Monday, June 7, journal entry. “On the evening of our first day in St. Petersburg, the ship is docked along the wharf on the Neva River, and I am sitting at a little corner table on deck 2 watching the river, a harp bridge spanning it and a cluster of high-rise apartment buildings beyond the bridge, some with odd, wavy profiles. It is nearly 11:00 pm and the sun has not yet set.”

That first day in St. Petersburg was a full day, with a city tour of St. Petersburg, stopping for a photo-ops along the way. One was the Smolny Cathedral and Convent complex—the Russians call it an “ensemble”—followed by the square across the river from the Admiralty and the Hermitage.

Peter and Paul Cathedral

Afterwards, we walked through part of the Peter and Paul Fortress, including most particularly, the amazing Peter and Paul Cathedral. Classical in external appearance but incredibly baroque inside, it houses the tombs of Romanov tsars in the side aisles.

Tomb of Elizabeth, daughter of Peter I

That afternoon, more than half of our group visited Peterhof, the palace complex begun by Peter the Great and completed by his daughter, Elisabeth. This was constructed on the Baltic shore, facing Europe, which was Peter’s symbolic strategy for turning away from the Asiatic backwardness of traditional Russian custom and thought, and turning toward the European Enlightenment. He was resisted mightily by both nobility and church, but the effect of his building efforts, including transferring the Russian capital to St. Petersburg, paid off in terms of commerce with Europe and control of the future direction of Russian culture.

Peter was a ship-builder, and he wanted to engage in trade with the rest of the world by sea. So he constructed his capital on the Baltic outlet of the Neva River, the bit of ocean he could find under Russian control that was nearest to Moscow, Russia’s traditional capital (after Kiev). During and following Peter’s forty-year reign at the turn of the eighteenth century--and until the Russian Revolution of the early twentieth century--Russian culture both absorbed from and contributed to the culture of Europe.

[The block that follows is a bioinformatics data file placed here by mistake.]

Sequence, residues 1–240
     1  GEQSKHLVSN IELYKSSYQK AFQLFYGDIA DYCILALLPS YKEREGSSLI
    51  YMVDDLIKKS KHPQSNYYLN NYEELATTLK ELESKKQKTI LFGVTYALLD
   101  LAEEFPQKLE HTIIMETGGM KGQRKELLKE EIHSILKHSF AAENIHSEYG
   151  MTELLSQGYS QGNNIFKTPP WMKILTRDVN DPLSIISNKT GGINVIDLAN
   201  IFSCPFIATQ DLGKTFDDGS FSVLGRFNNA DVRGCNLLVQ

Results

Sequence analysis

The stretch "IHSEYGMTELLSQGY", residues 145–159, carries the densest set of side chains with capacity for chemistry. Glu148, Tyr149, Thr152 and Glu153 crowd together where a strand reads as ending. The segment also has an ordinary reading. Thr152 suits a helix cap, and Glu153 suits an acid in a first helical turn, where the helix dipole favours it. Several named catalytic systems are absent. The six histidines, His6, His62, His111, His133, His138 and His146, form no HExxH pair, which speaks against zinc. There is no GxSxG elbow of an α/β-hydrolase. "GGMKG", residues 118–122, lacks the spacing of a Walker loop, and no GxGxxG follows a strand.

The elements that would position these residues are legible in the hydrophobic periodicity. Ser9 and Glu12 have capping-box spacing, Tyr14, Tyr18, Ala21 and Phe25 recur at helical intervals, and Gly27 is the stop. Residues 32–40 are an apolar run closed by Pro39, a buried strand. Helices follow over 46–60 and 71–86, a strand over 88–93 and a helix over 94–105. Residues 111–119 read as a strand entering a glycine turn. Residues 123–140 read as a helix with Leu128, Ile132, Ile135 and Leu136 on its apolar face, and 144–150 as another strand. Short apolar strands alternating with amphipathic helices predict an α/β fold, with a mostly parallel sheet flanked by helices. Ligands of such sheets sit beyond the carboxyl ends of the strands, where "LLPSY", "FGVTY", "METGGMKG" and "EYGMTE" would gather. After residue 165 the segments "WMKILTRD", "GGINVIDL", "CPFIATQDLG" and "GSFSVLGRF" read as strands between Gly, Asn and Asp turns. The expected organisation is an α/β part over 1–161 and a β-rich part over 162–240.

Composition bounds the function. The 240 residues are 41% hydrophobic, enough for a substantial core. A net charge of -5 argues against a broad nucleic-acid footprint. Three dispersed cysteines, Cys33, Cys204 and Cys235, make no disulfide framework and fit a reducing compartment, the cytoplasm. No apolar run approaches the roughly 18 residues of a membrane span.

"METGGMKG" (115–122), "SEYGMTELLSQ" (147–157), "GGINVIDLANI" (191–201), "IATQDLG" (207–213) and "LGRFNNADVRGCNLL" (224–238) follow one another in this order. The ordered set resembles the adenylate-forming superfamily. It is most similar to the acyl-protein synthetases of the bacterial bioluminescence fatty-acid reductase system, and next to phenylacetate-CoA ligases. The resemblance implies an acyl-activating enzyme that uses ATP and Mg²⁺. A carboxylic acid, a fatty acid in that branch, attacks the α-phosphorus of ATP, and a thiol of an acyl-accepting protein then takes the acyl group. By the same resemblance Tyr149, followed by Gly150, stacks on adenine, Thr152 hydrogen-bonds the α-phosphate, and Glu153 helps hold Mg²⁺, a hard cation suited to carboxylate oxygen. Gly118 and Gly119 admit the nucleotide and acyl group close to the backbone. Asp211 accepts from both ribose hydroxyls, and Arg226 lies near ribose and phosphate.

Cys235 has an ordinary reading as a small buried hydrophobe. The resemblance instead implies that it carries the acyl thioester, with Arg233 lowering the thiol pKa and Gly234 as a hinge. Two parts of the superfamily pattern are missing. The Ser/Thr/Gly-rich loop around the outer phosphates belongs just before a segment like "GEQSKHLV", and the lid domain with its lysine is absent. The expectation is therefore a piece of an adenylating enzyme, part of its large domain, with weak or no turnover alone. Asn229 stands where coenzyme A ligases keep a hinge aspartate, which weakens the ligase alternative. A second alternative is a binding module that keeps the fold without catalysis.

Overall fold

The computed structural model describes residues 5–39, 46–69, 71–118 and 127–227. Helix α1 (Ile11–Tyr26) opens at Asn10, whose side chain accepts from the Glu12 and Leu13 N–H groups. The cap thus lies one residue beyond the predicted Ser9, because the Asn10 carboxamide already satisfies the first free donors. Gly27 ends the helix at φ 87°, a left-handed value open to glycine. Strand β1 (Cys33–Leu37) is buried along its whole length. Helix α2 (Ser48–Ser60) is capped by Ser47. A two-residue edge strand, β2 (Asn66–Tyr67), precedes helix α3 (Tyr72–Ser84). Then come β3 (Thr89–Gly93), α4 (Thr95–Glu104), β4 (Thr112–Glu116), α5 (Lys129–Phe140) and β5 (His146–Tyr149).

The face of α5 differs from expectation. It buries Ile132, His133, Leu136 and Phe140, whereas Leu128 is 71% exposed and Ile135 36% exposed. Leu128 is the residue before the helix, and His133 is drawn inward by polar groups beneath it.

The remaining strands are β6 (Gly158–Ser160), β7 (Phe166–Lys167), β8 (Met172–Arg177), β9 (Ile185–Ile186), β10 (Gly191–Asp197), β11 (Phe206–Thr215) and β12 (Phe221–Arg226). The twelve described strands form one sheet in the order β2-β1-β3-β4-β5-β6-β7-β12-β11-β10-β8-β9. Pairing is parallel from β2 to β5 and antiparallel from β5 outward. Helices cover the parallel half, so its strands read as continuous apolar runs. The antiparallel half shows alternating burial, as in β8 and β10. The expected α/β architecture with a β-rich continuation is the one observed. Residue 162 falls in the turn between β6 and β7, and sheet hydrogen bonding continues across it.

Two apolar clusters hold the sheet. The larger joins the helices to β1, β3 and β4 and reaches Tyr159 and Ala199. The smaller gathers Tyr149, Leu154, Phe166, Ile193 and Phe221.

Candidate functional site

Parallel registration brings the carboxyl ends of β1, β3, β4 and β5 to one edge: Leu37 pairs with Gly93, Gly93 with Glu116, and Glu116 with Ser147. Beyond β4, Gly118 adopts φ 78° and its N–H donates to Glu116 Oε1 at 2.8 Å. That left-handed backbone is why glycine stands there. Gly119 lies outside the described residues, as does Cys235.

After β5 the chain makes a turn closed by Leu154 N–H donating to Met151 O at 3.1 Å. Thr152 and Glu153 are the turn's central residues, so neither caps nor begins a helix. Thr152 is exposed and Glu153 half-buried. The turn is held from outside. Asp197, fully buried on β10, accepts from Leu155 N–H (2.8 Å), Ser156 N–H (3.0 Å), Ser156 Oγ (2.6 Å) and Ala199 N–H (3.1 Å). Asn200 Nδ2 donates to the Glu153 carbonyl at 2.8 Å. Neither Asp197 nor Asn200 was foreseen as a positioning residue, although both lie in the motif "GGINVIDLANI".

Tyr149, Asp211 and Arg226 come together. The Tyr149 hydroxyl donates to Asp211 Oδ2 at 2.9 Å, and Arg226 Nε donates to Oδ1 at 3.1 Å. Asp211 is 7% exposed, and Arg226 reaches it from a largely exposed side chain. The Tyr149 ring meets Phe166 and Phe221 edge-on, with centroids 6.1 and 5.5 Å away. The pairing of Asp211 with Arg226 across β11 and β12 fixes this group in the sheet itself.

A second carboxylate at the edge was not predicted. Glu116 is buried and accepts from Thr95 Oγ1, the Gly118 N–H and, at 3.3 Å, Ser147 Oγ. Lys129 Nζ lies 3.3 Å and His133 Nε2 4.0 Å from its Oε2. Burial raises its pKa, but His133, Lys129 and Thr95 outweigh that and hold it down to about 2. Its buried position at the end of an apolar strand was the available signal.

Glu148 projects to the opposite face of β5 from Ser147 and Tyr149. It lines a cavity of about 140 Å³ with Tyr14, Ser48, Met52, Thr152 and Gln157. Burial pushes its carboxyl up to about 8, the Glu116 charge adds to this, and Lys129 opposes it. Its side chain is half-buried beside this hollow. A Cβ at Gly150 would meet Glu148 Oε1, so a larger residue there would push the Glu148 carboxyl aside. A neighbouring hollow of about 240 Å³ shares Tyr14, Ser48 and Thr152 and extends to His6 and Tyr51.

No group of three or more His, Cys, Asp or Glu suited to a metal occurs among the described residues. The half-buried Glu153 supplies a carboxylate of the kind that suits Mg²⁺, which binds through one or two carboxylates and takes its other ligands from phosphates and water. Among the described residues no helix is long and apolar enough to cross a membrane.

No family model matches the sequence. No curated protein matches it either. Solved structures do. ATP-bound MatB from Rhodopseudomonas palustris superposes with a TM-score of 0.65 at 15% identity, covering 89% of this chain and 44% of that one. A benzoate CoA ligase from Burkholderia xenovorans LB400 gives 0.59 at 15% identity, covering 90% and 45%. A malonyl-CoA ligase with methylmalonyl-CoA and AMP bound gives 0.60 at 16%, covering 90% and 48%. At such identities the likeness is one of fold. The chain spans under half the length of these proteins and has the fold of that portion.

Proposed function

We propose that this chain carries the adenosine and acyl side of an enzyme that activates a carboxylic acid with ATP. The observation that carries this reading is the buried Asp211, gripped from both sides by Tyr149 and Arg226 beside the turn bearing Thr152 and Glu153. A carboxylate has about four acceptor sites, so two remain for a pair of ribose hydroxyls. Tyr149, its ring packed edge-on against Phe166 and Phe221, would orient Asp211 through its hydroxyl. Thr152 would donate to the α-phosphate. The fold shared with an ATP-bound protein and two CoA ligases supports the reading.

The palace grounds at Peterhof were enormous, with gazebos and waterworks along the walkways and hidden in small groves of trees. The fountains were spouting vigorously; the statues and figurines were freshly gilded and shone brilliantly in sunlight; the gardens and the wooded areas were a luscious green; and the sky was deep blue and dotted with clouds.

We didn’t go inside the palace, but we did go through the “cottage” at Catherine’s Block, as opulent as any ordinary palace. Eventually, that building became the royal family home for Nicholas I’s family of the later Romanov Dynasty. Elisabeth, the daughter of Peter, built most of the main palace at Peterhof. Peter, of simpler tastes, only constructed one long, flat building on the Baltic shore known as Monplaisir.

Terraced fountains at Peterhof, palace in the background
Peter also designed the fountains, which work by gravity flow, with its water source a few miles away, collected in a holding pond at the top level and from there, flowing into the fountains. The fountains stop at around 5:00 pm, and water in the holding pond becomes replenished at night. The entire water-works complex is drained at the end of September. A canal leads from the grand cascade of fountains out into the Baltic sea.

The fountains and the canal to the sea create a splendid panorama from the upper terrace across the lower gardens.